Reagan Assails Senate for Not Confirming 28 Judges

Times Staff Writer

President Reagan, faced with a Congress rushing toward adjournment, pressed Friday for confirmation of 28 nominees to federal court seats before the presidential election dooms the nominations and turns the vacancies over to his successor to fill.

In a speech to a conservative lawyers’ group, Reagan tied the nation’s war on drugs and other crime issues to political concerns as the presidential election approaches.

At the same time, the White House made public a report to Reagan, prepared by his staff, on the impact federal policies and programs have on a wide variety of social issues, focusing on the family-oriented issues around which conservatives have rallied.

Portrays Choice


Although Reagan barely strayed from the White House and never mentioned either presidential candidate, the day’s activities kept the President’s agenda focused firmly on the campaign. He portrayed the election as a choice between the conservative social issues he has promoted and liberalism, which he called “the Masked Marvel of American political discourse.”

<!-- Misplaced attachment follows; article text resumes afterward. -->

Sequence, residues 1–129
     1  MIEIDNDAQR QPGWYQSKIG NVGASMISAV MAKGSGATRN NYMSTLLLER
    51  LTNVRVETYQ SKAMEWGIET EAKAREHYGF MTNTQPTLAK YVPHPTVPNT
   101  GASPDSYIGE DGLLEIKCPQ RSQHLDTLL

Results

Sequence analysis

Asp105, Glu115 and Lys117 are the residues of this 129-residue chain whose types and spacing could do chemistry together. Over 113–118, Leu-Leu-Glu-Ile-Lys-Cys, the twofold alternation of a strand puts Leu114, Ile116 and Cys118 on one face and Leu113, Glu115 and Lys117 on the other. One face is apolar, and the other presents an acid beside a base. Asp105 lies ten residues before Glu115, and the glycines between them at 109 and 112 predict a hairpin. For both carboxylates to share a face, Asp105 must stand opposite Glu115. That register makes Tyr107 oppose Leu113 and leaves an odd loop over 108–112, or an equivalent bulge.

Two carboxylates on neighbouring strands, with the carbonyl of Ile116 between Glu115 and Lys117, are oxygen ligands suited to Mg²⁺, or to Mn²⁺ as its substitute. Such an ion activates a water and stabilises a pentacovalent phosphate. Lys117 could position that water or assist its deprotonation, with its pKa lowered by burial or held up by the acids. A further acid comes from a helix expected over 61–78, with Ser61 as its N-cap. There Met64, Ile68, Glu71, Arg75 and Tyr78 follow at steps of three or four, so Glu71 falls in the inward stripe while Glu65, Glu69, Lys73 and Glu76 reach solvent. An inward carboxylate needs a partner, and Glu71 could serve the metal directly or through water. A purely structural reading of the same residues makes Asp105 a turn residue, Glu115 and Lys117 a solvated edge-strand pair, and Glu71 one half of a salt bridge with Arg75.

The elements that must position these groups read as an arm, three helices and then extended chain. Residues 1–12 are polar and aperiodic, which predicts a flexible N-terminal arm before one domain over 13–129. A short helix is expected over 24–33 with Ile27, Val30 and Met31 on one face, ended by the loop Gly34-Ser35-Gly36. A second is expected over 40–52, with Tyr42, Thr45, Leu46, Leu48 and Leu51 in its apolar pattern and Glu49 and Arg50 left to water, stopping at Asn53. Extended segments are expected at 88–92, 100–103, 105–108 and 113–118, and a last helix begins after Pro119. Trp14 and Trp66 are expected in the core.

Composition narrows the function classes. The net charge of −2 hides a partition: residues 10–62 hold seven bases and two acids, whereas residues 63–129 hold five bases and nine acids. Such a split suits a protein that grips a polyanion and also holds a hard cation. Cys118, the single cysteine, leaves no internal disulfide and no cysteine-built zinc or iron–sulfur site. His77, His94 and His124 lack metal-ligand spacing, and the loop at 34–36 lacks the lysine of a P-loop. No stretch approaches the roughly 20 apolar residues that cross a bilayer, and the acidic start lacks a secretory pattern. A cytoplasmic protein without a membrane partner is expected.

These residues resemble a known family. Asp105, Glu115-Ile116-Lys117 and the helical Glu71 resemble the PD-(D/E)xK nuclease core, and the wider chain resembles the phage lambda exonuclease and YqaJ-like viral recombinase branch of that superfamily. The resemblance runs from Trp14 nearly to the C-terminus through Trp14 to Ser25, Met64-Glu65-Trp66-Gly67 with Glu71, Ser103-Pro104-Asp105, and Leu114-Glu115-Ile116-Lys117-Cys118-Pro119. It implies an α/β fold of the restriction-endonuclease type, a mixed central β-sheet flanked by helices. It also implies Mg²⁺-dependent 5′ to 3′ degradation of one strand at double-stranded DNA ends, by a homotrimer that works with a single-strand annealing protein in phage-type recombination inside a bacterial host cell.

Reagan’s rhetoric was dominated by his attack on the Senate’s failure to confirm 28 men and women he has nominated to fill vacancies on the federal courts. In a speech to the Federalist Society, he said the Senate was responsible for a declaration of a “judicial emergency” by the courts’ administrative body, the Judicial Conference, over the the long-standing vacancies.

Liberals, Reagan said, “charge that we’re running a phony war on drugs. Well, I have a hunch that in November, the American people will decide who’s bogus and who’s for real.”

Urges Senate to Act


“The Senate could help us in this and our other battles against crime by bestirring itself and acting on the 28 judicial nominations that we have submitted but that have not yet been confirmed,” he said.

The President, who said “some of our nominees have been waiting for a year,” specifically blamed the delay on liberals in Congress.

“Yes, they are hoping that, within a few months, they can wipe the slate clean and nominate judges who reflect their values and vision of the law,” Reagan said. Congress is aiming to adjourn in early October and any nominations not acted upon by adjournment would have to be resubmitted by the next President.

Cites Three Vacancies


Among the vacancies cited by the White House in a separate statement were three, including one dating to 1986, on the U.S. 9th Circuit Court of Appeals, which is in San Francisco and has 28 seats.